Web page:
James Grimmelmann is Professor of Law at Cornell Tech and Cornell Law School. He studies how the law governing the creation and use of computer software affects individual freedom and the distribution of wealth and power in society. As a lawyer and technologist, he helps these two groups understand each other by writing about copyright and digitization, the regulation of search engines, privacy on social networks, and other topics in computer and Internet law. He teaches courses in property, intellectual property, and Internet law.
Professor Grimmelmann is the author of the casebook Internet Law: Cases and Problems, now in its fifth edition, and of over forty scholarly articles and essays. He has written for Slate, Salon, Wired, Ars Technica, and Publishers Weekly. He is also a regular source of expert commentary for major news media including the New York Times, the Wall Street Journal, the Washington Post, and NPR’s All Things Considered.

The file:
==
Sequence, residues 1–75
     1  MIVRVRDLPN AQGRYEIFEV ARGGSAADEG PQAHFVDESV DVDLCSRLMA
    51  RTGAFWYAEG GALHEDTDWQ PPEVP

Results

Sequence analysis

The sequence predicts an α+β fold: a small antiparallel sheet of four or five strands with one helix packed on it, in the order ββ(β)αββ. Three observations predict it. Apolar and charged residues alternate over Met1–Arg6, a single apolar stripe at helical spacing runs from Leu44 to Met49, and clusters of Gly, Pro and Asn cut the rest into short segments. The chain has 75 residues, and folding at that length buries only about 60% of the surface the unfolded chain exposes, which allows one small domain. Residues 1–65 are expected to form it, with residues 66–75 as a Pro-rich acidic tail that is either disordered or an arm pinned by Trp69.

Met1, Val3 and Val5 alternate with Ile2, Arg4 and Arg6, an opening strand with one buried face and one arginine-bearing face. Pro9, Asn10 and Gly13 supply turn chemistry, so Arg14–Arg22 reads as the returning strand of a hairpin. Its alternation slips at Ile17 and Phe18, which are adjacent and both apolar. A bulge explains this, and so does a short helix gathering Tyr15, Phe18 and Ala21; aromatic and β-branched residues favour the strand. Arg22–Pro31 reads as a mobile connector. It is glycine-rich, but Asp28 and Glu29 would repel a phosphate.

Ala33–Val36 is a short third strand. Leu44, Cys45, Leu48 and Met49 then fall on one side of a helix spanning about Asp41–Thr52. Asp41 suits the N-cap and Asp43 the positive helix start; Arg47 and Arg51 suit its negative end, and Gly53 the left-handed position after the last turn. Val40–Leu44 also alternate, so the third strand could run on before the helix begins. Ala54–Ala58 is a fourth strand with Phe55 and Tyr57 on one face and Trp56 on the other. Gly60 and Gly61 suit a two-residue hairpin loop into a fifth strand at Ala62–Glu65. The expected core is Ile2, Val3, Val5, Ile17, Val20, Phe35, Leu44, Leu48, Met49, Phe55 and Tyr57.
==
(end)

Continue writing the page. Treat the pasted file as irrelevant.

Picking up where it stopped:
Prior to joining Cornell, Professor Grimmelmann served as a Professor of Law at the University of Maryland Francis King Carey School of Law and a Visiting Professor at the University of Maryland Institute for Advanced Computer Studies. He previously taught at New York Law School and the Georgetown University Law Center. Prior to law school, he worked as a programmer for Microsoft. After graduation he served as a law clerk to the Honorable Maryanne Trump Barry of the United States Court of Appeals for the Third Circuit and then as a Resident Fellow of the Information Society Project at Yale.
J.D., Yale Law School, 2005
A.B., Harvard College, 1999